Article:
In Catholic grade schools, the girls wear jumpers and skirts. The guys wear collared button-ups and dress pants.
I never cared about what people thought of me as a young girl going to Catholic school. I wore skirts and jumpers, but I also wore pants whenever I felt like it. Around fourth grade, I stopped wearing the pants. I used to sit with the boys at lunch and prefer compliments on my athleticism to compliments on what I wore. There was no prompting incident I can remember, but one day I stopped wearing pants altogether. Eventually, I cared about getting compliments on my outfits. I was beginning to fit myself into the box of female gender stereotypes.
The word stereotype has a negative connotation, and it can be awkward to talk about existing stereotypes without feeling guilty or inappropriate. Stereotypes, specifically gender stereotypes, are touchy subjects. As a society, we don’t want to step on toes or be politically incorrect. If people avoid talking about the negative effects stereotypes have on people, it lets the stereotypes have power over us.
As a society, we like our labels. We like labelling people, and we look to associate characteristics with these labels. In order to comprehend how others can be so different, society strives to generalize people. Men and women each have boxes they must fit into. Men are supposed to enjoy working out and doing other ‘manly’ things and women are supposed to be shopaholics. If people fail to fit into their boxes, they are ridiculed via social media and even in person and are shoved back into their respective boxes.
Men make the first move – that is what happens in almost every movie. Men are tall, strong and emotionally distant. Men are supposed to want sex, and be chivalrous. And if they don’t fit these descriptions, they are often called p*ssies (female genitalia), b*tches (female dog) or f*gs. When men embrace any kind of femininity, they are put down, while men who show masculinity are praised.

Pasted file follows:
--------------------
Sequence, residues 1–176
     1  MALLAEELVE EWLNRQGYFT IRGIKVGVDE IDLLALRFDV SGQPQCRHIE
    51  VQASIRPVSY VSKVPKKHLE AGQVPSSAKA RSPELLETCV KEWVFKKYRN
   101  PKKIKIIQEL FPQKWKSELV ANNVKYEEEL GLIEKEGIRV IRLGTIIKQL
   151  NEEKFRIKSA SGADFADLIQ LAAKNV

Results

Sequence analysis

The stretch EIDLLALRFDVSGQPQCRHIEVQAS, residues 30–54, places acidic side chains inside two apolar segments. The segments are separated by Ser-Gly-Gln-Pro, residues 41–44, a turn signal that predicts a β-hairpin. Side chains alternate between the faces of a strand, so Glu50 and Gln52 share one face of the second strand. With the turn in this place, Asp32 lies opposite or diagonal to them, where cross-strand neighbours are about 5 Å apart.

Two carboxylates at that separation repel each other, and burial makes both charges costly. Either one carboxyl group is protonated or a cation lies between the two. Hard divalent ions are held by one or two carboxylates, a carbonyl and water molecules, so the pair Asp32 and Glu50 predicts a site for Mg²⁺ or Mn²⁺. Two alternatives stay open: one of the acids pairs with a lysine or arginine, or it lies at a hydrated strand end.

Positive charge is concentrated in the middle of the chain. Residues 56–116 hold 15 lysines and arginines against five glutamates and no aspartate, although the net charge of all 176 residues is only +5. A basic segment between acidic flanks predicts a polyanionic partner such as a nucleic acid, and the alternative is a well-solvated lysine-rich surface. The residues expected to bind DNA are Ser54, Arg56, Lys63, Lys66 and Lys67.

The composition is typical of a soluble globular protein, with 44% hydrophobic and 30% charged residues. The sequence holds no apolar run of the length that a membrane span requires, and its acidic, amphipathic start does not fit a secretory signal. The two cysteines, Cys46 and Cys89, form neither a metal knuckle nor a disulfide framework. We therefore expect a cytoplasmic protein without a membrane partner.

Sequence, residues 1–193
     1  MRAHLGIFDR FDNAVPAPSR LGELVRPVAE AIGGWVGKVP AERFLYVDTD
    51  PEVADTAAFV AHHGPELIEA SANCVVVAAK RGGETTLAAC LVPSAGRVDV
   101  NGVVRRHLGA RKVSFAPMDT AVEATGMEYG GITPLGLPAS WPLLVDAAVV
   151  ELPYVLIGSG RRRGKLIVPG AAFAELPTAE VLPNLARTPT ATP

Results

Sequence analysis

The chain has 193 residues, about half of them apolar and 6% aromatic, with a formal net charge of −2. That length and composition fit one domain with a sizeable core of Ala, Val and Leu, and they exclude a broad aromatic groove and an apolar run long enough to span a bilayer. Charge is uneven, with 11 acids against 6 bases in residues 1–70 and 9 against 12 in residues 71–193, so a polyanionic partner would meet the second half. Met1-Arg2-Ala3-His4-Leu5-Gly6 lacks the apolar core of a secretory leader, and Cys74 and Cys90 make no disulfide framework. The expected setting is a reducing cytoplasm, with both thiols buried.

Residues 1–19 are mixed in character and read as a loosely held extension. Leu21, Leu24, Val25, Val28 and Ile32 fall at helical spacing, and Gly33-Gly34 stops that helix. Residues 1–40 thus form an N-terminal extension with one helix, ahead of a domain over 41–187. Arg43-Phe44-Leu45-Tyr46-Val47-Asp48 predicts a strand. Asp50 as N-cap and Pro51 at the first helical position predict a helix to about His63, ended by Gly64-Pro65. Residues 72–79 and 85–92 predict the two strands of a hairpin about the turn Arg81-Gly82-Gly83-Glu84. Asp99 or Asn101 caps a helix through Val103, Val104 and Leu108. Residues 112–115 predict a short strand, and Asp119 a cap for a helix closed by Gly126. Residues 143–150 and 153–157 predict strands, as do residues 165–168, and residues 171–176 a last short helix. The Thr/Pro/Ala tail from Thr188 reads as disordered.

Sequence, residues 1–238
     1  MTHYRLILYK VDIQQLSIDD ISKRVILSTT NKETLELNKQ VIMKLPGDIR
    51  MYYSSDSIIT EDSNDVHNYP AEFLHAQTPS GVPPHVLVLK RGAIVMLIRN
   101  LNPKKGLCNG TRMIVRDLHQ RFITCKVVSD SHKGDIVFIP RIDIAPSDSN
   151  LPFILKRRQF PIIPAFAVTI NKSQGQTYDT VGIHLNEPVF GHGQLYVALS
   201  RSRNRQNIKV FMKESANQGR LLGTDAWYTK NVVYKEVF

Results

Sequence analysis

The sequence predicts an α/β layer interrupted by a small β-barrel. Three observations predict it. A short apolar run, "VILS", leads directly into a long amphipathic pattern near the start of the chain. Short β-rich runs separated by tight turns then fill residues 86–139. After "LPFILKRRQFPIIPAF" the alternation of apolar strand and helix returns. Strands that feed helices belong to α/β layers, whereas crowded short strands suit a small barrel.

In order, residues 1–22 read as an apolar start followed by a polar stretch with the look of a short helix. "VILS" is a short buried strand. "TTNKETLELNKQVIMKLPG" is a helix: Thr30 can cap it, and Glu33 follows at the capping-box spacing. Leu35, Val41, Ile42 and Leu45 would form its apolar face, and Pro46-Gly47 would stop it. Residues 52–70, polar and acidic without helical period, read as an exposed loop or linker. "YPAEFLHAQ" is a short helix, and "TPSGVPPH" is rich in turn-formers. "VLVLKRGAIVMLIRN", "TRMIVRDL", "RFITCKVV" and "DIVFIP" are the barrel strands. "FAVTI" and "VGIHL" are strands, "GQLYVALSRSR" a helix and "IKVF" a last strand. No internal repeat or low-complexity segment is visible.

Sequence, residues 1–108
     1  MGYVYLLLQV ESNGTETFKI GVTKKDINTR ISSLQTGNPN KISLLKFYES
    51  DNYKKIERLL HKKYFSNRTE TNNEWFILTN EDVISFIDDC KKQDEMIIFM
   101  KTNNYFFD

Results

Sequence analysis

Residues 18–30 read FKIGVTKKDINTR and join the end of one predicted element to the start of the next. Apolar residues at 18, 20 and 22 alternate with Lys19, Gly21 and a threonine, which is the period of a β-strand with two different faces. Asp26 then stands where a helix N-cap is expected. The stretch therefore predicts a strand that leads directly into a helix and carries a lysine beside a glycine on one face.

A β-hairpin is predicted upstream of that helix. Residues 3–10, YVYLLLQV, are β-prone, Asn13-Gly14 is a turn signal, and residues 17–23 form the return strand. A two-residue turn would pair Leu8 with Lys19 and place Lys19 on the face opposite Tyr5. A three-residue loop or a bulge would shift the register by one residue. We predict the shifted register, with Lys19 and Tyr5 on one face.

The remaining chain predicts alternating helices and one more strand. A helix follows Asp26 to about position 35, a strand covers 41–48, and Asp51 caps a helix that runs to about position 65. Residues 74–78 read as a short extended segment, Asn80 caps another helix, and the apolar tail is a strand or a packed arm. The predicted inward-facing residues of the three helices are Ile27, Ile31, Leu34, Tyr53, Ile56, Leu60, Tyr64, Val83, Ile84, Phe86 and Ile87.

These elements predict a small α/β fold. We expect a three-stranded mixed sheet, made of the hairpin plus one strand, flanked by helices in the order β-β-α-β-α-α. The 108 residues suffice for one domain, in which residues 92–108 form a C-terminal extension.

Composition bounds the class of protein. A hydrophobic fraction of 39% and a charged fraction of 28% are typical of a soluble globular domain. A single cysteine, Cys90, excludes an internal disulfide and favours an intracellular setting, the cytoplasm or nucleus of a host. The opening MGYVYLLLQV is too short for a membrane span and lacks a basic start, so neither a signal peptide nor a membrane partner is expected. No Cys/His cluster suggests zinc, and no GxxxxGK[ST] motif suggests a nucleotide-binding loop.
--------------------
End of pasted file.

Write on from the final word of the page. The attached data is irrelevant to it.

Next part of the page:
Gender stereotypes are legitimately harmful to not only individuals but society as a whole. If men fail to fit into their confinements, society uses putdowns having to do with females, such as female genitalia. And if guys are being derogatorily called females, that says we think women are inferior and that we think being called a woman is an insult. This lack of respect for women ultimately, can perpetuate an acceptance for men to sexually assault women.
When I think about college, I can’t help but worry about the fact that one in five women are sexually assaulted. That statistic rings in many high school girls’ ears.
But what we don’t hear about is the one in 15 men who are sexually assaulted in college. We don’t hear about this statistic because of our beloved boxes. Men are supposed to always want sex. Men are supposed to be stronger than women and other men. Men aren’t supposed to be sexually assaulted, so they often don’t speak out.
Since men are often afraid to vocalize their struggles, we think of it as more normal for men to sexually assault women, thus perpetuating the idea that men don’t respect women.
Women have a set of standards they are to follow as well. Women should be ladylike. They must dress modestly, but not prudish. They are to be polite. Women are emotional. If they fail to fit into their box, they are slutshamed or called d*kes or prudes.A woman who sleeps with too many people is called a whore. And often times, while women are slutshamed for sleeping with people, men are congratulated, as it solidifies his manhood. But there isn’t really a term assigned for men if they sleep with too many women, except for manwhore. This tells us that the default for insults is women.
Instead of pushing people into their respective boxes, we should learn to accept that we are all different and we should let people be whoever they want to be. It all comes down to having respect for other people and realizing that we don’t have to fit into male and female gender roles. I think by practicing this we can hope to end these harmful stigmas.